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Coding Style

   GDB is generally written using the GNU coding standards, as
described in `standards.texi', which is available for anonymous FTP
from GNU archive sites.  There are some additional considerations for
GDB maintainers that reflect the unique environment and style of GDB
maintenance.  If you follow these guidelines, GDB will be more
consistent and easier to maintain.

   GDB's policy on the use of prototypes is that prototypes are used to
*declare* functions but never to *define* them.  Simple macros are used
in the declarations, so that a non-ANSI compiler can compile GDB
without trouble.  The simple macro calls are used like this:

     extern int
     memory_remove_breakpoint PARAMS ((CORE_ADDR, char *));

   Note the double parentheses around the parameter types.  This allows
an arbitrary number of parameters to be described, without freaking out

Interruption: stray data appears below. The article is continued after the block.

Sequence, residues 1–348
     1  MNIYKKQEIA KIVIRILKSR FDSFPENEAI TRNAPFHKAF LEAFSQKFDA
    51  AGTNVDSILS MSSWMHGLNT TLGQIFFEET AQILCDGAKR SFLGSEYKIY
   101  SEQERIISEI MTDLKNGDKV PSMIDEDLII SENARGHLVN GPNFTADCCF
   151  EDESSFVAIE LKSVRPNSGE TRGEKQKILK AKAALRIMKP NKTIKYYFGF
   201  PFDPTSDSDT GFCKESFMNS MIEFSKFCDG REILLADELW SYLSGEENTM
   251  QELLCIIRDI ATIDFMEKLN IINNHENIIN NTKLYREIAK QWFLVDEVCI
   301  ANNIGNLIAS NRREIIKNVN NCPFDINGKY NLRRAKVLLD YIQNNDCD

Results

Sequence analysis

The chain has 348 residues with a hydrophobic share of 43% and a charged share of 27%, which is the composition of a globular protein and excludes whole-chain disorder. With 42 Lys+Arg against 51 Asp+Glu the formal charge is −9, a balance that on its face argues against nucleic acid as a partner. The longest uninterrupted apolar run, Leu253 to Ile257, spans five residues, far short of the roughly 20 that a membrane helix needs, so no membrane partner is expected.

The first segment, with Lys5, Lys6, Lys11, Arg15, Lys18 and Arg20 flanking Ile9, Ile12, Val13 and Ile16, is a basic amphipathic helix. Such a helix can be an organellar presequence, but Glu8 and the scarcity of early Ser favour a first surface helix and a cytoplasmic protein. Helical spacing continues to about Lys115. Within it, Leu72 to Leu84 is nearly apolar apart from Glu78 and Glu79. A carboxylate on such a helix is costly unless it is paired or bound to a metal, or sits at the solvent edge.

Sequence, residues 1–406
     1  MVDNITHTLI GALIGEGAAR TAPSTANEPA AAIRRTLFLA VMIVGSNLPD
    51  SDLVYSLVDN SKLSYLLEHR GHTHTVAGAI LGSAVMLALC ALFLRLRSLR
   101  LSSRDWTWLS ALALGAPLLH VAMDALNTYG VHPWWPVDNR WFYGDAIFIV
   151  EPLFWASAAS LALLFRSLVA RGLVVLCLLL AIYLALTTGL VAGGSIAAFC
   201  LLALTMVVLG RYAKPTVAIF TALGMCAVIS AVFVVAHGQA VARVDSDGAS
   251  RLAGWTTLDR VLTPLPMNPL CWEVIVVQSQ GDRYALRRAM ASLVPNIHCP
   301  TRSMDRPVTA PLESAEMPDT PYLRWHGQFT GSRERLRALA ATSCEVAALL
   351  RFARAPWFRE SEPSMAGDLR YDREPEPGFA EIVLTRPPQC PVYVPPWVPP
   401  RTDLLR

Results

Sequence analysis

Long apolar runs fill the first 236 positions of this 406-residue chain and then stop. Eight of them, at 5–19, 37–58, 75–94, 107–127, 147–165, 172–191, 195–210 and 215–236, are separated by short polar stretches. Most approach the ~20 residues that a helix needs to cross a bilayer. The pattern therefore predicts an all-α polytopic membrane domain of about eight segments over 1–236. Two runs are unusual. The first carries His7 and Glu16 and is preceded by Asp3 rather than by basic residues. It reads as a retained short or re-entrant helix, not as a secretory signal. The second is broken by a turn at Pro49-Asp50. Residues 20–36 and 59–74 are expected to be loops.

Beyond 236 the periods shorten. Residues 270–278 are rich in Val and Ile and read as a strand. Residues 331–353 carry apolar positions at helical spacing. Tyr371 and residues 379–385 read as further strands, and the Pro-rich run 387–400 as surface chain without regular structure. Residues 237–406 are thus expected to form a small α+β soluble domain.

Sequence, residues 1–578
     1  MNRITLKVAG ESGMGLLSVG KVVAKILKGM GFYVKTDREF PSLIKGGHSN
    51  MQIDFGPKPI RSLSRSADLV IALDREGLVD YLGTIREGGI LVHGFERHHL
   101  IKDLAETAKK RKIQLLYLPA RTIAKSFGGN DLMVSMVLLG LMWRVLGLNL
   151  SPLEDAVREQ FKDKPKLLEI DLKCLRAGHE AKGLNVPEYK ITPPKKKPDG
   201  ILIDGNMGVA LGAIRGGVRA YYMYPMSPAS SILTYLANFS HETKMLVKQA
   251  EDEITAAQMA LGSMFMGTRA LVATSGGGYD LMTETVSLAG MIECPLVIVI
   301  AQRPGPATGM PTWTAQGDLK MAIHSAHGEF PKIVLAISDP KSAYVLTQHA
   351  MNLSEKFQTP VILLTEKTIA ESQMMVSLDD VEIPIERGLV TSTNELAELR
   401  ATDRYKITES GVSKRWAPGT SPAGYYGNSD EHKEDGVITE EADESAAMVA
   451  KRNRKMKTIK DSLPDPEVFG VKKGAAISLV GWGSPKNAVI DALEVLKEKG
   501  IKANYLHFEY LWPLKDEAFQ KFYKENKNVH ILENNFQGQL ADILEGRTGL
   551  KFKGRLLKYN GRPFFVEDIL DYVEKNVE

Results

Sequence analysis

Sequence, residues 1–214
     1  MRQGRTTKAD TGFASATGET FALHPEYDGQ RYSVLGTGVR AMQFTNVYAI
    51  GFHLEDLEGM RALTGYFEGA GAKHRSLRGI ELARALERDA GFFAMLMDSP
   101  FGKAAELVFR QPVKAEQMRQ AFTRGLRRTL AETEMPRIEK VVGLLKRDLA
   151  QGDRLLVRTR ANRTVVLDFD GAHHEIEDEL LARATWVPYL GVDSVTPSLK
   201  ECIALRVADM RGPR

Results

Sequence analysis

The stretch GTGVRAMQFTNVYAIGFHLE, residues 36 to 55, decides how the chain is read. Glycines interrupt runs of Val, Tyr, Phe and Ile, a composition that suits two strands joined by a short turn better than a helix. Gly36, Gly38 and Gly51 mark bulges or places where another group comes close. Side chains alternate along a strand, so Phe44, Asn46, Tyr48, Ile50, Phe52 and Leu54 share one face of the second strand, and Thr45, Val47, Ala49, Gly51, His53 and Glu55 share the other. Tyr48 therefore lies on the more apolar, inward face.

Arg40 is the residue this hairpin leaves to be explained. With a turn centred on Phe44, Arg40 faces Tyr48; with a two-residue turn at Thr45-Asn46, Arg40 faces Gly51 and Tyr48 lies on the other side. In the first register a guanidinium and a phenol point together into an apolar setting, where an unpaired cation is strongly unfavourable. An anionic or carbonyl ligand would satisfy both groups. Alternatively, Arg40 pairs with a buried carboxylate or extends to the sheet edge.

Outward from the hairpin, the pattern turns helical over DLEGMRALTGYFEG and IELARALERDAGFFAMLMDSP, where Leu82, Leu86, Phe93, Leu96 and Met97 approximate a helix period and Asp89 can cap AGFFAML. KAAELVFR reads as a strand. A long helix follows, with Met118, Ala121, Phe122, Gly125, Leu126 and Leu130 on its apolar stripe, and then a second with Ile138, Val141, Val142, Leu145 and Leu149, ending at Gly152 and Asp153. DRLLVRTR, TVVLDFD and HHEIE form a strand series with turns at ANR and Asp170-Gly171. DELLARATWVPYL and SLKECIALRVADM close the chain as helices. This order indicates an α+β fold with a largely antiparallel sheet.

the C preprocessor.  When the function has no parameters, it should be
described like:

     noprocess PARAMS ((void));

   The `PARAMS' macro expands to its argument in ANSI C, or to a simple
`()' in traditional C.

   All external functions should have a `PARAMS' declaration in a
header file that callers include.  All static functions should have such
a declaration near the top of their source file.

   We don't have a gcc option that will properly check that these rules
have been followed, but it's GDB policy, and we periodically check it
using the tools available (plus manual labor), and clean up any